P088 Restoration of gut microbiota and changes in inflammatory susceptibility by dextran sulfate sodium after antibiotic treatment in mice
Jeong, E.S.(1)*;Bae, S.(1);Song, E.M.(2);Byeon, J.R.(2);Lee, A.(1);Choe, A.R.(2);Hong, J.T.(1);Park, Y.H.(2);Tae, C.H.(2);Moon, C.M.(1);Jung, H.K.(1);Shim, K.N.(2);Jung, S.A.(2);Kim, S.E.(1);
(1)Ewha Womans University Mokdong Hospital, Internal medicine, Seoul, Korea- Republic Of;(2)Ewha Womans University Seoul Hospital, Internal Medicine, Seoul, Korea- Republic Of;
It has been suggested that changes in gut microbiota have an important effect on the development of inflammatory bowel disease (IBD). In studies using germ-free mice, it has been reported that the absence of microbiota rarely causes dextran sulfate sodium (DSS)-colitis. This study was to investigate whether the changes in DSS-colonic inflammation in mice treated with antibiotics were comparable to the results in germ-free mice.
Ampicillin + enrofloxacin were treated in six 9-week-old C57BL/6 mice for initial 3 days and stools were sampled daily to measure the total amount of bacterial 16S rRNA. The time of loss and restoration of gut microbiota was investigated after repeated antibiotics. The severity of colitis and barrier damage were compared between the following groups: (i) control group, (ii) DSS group, and, and (iii) DSS + antibiotics group. The DSS group was allowed to drink 3% DSS from day 5 and maintained for 7 days, and colon tissues were obtained from all groups on day 12. The inflammatory markers (IL-1α, IL-6, IL-17, tumor necrosis factor (TNF)-α) and gut barrier markers (Zonular occludens (ZO)-1, occludin, claudin-1, claudin-4) in colon tissues were comparatively analyzed between groups.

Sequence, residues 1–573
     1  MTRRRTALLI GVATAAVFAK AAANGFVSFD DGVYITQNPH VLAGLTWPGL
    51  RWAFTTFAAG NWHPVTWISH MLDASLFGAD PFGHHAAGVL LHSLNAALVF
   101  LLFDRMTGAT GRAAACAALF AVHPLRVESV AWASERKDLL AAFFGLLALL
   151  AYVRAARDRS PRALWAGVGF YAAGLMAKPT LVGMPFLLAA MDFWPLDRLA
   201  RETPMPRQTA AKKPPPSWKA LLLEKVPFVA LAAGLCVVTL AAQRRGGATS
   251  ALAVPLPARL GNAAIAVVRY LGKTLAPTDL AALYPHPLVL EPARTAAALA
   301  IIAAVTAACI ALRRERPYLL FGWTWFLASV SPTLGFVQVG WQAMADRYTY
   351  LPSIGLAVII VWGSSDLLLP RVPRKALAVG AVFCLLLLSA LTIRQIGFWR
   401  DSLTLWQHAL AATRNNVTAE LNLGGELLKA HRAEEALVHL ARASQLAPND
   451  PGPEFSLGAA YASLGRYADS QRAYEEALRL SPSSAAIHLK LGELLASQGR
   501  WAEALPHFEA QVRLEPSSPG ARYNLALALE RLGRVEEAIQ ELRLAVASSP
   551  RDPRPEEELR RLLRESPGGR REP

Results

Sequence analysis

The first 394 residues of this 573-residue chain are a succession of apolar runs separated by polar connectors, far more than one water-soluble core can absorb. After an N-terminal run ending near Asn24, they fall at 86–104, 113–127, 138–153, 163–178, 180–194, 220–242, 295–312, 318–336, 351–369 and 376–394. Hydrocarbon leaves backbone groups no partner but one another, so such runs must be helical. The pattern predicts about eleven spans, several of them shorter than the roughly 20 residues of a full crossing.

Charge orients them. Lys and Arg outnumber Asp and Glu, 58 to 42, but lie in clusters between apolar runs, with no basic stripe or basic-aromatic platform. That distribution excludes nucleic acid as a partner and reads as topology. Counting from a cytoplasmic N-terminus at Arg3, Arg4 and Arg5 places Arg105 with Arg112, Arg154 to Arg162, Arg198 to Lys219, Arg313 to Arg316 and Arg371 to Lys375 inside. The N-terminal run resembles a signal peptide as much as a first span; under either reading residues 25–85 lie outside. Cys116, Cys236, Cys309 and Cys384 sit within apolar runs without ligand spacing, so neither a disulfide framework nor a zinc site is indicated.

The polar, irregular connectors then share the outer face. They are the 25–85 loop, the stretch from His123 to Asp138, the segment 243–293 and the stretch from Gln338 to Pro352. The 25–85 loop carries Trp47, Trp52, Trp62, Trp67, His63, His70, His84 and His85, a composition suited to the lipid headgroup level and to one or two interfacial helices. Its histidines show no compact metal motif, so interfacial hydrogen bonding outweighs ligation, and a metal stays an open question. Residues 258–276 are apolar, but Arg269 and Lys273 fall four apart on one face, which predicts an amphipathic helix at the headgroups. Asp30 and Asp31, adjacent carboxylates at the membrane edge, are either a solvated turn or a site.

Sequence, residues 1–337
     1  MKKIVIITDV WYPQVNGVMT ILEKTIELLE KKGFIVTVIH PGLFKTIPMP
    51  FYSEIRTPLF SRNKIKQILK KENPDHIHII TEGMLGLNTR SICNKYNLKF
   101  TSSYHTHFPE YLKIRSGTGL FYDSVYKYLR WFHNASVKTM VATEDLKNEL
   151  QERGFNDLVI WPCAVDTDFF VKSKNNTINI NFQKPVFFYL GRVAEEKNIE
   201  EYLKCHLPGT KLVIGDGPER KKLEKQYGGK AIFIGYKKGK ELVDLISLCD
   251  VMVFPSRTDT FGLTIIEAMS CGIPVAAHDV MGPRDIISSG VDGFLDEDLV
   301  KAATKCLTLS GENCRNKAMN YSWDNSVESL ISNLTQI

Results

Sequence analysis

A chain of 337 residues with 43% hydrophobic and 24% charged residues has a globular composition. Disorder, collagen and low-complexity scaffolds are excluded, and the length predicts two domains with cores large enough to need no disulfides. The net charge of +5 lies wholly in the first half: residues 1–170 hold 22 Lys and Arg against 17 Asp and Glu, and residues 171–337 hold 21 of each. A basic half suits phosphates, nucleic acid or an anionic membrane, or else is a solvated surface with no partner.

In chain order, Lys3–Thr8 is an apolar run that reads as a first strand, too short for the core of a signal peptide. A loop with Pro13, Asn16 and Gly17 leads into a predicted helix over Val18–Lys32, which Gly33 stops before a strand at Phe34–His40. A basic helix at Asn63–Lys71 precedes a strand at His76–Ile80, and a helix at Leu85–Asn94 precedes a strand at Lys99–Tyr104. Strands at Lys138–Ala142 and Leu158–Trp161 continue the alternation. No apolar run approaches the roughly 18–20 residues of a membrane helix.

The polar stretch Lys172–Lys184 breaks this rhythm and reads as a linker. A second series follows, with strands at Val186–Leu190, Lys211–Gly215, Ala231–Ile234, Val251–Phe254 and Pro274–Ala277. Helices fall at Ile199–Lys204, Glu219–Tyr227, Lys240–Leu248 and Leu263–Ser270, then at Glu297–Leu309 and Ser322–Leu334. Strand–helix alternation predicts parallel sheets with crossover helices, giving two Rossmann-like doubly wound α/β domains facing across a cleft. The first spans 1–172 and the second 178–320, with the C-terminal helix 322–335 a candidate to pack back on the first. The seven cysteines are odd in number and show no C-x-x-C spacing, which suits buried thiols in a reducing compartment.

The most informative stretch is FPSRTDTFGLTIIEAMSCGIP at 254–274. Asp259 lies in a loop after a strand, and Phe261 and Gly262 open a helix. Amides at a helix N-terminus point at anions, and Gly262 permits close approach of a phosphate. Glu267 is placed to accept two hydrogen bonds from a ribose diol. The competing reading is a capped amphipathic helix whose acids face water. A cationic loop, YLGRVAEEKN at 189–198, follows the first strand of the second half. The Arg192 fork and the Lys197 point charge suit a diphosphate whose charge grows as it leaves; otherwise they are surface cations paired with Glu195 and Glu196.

Bacterial 16S rRNA was not detected from day 4 after the antibiotics, and restoration started from day 11. After repeated antibiotics, microbial depletion was re-confirmed on day 14, but restoration appeared on day 18, confirming faster recovery. The expression levels of IL-1α, IL-17, and TNF-α in the DSS + antibiotics group did not differ from the control but were significantly lower than the DSS group (all p < 0.01). However, the expression of ZO-1 and claudin-4 was significantly lower in the DSS + antibiotics treatment group than in the control group (p < 0.05).
The antibiotic cocktail could dramatically reduce gut microbiota over a period, but the effect would decrease as it is repeated. Depletion of gut microbiota after antibiotics would dramatically reduce DSS-colonic inflammation but could damage the gut barrier or at least not prevent barrier dysfunction.